How to Perform Well When Interviewers Ask Bad Questions
by Christopher D. Lee, Ph.D., SPHR
Article content is provided by HigherEdJobs.Anyone who has survived a college education has earned grades on examinations that did not always reflect their actual learning. There were occasions when one was not as prepared as one could be, but earned high marks. The opposite scenario is also true -- when one was well prepared and, yet, earned a less than stellar grade. The examination's design often accounts for the different outcomes. Variability in the kind and quality of questions presents itself in interviewing as well. Some search committees ask deep, insightful, and probing questions, while others ask recycled and seemingly random, unrelated questions.
Thorough preparation is a hedge against forgetfulness and potential interview blunders. It is also an insurance policy against interviews that lack high-quality questions to draw out one's best characteristics. In addition to doing things before the interview, such as preparing good questions for interviewers, there are a number of things one can do during and after the interview to make a favorable impression. These can be used whether or not the course of the interview allows one to put their best foot forward.
In a recent post, interviewees were advised to write down notable things about the position in question, key elements from one's background, and a few questions to pose of hosts as a means of interview preparation. In some situations, it may be appropriate to have this information in a portfolio placed before oneself in the interview. In other situations, this is impractical. Nonetheless, the exercise of reflecting upon one's experiences, documenting these ideas, and reviewing the information days before and again moments before entering the interview, will have one ready and prepared with an arsenal of good thoughts top of mind.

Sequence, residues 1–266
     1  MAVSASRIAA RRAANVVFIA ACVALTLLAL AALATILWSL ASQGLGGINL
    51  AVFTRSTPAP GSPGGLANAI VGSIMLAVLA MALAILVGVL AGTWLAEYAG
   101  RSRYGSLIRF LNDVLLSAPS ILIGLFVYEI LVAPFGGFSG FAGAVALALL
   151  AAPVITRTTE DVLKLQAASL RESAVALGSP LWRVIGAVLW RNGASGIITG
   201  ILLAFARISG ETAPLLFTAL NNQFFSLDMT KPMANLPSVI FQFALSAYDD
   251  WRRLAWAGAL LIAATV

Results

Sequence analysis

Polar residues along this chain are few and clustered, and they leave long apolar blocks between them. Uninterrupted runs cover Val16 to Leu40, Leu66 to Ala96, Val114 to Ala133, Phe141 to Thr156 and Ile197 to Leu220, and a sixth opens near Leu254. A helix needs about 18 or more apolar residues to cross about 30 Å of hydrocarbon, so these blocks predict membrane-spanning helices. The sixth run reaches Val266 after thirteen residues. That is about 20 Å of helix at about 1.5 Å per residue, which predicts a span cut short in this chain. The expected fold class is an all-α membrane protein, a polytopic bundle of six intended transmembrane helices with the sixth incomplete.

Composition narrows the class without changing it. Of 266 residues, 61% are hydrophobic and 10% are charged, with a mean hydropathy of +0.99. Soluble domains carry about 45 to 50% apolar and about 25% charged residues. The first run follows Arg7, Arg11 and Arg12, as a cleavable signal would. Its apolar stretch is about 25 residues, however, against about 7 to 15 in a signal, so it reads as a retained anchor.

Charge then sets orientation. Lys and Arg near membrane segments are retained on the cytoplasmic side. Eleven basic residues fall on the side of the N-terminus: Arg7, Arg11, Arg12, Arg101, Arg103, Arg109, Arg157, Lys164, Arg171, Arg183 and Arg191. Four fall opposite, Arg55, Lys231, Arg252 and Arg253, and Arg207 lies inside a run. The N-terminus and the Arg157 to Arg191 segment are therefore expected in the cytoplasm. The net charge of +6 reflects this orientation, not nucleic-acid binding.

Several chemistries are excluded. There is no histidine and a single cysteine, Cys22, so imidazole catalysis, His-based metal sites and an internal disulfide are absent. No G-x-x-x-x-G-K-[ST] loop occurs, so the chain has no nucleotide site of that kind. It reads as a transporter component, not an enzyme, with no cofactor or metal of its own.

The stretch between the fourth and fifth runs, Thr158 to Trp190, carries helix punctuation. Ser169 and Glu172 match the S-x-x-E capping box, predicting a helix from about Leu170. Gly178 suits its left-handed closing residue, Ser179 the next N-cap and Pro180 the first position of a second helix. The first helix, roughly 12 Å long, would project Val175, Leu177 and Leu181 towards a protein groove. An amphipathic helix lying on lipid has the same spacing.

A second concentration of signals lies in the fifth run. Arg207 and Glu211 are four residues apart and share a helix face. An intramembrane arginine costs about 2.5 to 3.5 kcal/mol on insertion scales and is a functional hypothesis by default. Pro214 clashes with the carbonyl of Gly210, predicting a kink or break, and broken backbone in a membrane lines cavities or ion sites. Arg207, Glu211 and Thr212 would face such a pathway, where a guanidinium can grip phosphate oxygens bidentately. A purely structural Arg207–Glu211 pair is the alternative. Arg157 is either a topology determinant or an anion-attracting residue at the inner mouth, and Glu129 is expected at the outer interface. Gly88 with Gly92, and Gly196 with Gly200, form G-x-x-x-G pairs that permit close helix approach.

Good questions are artfully prepared and are usually precise in their language and tone. Poor questions have telltale signs such as being too long, having too many parts, and leaving too much room for interpretation. Some questions meander their way to the point and some otherwise good questions are delivered in an adlib fashion that masks their true meaning. Here are a few techniques for responding well when the questions asked are not the best: a) pause, b) ask for the question to be repeated, c) ask for a clarification, d) offer more than one answer to the question, or e) answer the question and then offer some additional commentary at the end.
When asked a difficult, awkward, or generic question, pausing before answering gives you a few more heartbeats to think through the question and formulate a coherent response. When necessary, the response might be more detailed, thorough, and deeper than the question itself. As an example, if one is asked to explain their research agenda or how they overcame a past workplace setback, one might contextualize the question without prompt. Explaining how one's research agenda is complementary to the work of the department or providing a work example that might be similar to the position's setting gives an answer richer than the question would have otherwise deserved. Asking the interviewer to repeat an ill-formed question allows more time to respond, and it might give him or her a clue that the question is awkward or incomplete. When repeating it, he or she may alter the question, clarify the question, or provide information closer to the gist of what they intended to ask.